Running the business is great, we are meeting so many more people in the living history community and making lots of new friends. It (and changing groups) is allowing us to do many more events than we were previously able to. My partner’s re-enactment persona was always a merchant (and mine either a merchant’s daughter or wife) so re-enacting merchants also suits our persona’s. It is great being able to support the re-enactment community through the business and the support we have received from reenactors has been amazing.

On a spinning note, I’ve also acquired some lovely longer stapled fleece that I need to wash and comb, so keep an eye out for my progress with that on this blog.

Wool Combs and Spinning Video

On Saturday I picked up some new wool combs! I meant to take a nice phoeo of them on Sunday put up but there was a storm on Sunday and I spent sunday night without power (camera battery dead) and Monday starting to clean up 5 and a half acres of fallen trees, tree limbs (many of which sailed over our house) and busted fences etc.

I will have to take a photo at another stage. In the meantime I stumbled across this fantastic video from Caroline from Hershey Fiber Arts showing spinning flax with a spindle. She also makes great spindle sticks (a review is on my to do list) and whorls.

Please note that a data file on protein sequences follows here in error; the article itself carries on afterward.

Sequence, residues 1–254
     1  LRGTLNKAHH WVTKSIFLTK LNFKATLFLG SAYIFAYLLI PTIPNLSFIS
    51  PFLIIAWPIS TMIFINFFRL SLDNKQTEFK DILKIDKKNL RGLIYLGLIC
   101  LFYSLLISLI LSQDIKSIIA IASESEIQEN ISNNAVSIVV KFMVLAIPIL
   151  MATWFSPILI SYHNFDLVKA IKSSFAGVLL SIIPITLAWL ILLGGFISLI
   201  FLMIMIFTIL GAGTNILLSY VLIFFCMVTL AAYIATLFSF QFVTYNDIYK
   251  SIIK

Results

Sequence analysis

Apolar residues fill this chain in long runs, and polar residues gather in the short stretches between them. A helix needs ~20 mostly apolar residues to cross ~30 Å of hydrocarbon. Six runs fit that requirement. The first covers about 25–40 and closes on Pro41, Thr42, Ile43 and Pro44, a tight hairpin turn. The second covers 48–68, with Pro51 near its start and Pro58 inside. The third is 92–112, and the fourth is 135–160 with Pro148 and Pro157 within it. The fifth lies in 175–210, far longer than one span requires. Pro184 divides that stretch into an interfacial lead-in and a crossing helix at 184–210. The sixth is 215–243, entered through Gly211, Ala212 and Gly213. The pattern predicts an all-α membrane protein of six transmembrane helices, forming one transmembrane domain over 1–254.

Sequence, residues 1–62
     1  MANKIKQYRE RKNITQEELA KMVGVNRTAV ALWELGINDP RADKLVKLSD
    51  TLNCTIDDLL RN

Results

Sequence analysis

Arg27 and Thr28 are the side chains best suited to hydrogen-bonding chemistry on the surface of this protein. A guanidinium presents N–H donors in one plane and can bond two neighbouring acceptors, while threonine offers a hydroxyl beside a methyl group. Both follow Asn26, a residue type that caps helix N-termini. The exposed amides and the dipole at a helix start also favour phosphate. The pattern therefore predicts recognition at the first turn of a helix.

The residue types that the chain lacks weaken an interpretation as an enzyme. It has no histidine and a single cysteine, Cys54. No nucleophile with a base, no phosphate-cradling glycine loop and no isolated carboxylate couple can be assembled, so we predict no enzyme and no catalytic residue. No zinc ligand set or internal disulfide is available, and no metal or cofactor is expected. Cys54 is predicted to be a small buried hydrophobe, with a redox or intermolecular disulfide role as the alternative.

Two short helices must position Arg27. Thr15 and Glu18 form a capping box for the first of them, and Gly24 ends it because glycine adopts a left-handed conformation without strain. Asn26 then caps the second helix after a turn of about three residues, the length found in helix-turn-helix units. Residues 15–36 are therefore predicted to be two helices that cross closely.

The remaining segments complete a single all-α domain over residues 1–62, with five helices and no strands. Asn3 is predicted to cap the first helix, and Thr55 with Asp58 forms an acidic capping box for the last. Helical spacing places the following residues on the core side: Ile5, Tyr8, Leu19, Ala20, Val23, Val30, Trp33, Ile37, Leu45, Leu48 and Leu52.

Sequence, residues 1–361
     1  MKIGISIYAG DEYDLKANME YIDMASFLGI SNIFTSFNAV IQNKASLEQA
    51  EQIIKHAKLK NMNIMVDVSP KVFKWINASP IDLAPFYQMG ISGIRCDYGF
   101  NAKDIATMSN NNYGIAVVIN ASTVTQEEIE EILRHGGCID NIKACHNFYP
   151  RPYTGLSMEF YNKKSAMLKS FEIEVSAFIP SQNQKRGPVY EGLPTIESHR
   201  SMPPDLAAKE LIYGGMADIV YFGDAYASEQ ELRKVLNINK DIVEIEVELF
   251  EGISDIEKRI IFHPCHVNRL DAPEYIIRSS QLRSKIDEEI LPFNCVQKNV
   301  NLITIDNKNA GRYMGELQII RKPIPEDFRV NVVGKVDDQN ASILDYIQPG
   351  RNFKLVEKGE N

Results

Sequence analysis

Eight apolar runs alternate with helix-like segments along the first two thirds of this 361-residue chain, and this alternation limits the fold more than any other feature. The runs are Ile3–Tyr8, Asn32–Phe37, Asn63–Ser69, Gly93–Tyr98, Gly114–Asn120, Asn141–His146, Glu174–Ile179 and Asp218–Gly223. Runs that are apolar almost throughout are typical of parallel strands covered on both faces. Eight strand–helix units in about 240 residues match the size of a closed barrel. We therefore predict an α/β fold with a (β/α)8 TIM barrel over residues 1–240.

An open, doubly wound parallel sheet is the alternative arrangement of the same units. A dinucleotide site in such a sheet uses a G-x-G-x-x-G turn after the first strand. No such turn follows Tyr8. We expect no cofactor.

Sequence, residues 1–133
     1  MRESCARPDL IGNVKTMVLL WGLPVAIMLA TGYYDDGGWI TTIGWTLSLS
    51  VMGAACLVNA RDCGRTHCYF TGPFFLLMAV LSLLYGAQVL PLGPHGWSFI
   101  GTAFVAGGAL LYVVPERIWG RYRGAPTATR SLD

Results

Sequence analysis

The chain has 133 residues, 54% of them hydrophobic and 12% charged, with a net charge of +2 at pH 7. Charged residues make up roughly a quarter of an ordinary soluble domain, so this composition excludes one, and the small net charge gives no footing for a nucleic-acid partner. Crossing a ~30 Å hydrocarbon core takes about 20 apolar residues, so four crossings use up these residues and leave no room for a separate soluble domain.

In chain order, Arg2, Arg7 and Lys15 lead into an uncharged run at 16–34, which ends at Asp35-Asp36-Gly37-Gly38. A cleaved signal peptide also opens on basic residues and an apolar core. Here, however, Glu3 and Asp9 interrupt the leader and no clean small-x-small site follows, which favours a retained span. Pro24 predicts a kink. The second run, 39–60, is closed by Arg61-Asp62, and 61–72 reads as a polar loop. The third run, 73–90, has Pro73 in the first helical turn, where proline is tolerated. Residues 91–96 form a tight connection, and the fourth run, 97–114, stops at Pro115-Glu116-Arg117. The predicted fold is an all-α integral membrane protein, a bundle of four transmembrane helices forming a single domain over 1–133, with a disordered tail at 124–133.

New Wool Combs!

Thank you for the comments on my last post. I stumbled across a gentleman selling two sets of wool combs (one big, one small), the stand to clamp them in and a few extras for $100, pick up only. Sadly this is the last of the fibre equipment that he’s selling, he still spins and weaves though, just nothing more to sell. So in a couple of weeks I’ll make the trip up with my beloved to fetch them. I’ll post photos once I have them, it’s a 5-6 hour round trip to get them so it will be a couple of weeks before we can make the trip, but I’m excited in advance!

Wool Combs

So on my really really wish list is wool combs. It sucks that the Aussie dollar is so bad right now, but it’s probaly not getting any better so I’m thinking if I want any in the next few years then sooner rather than latter would be an idea. Only, I’m not sure where to start! Viking, english, single row, double row, big, mini, fine what have you.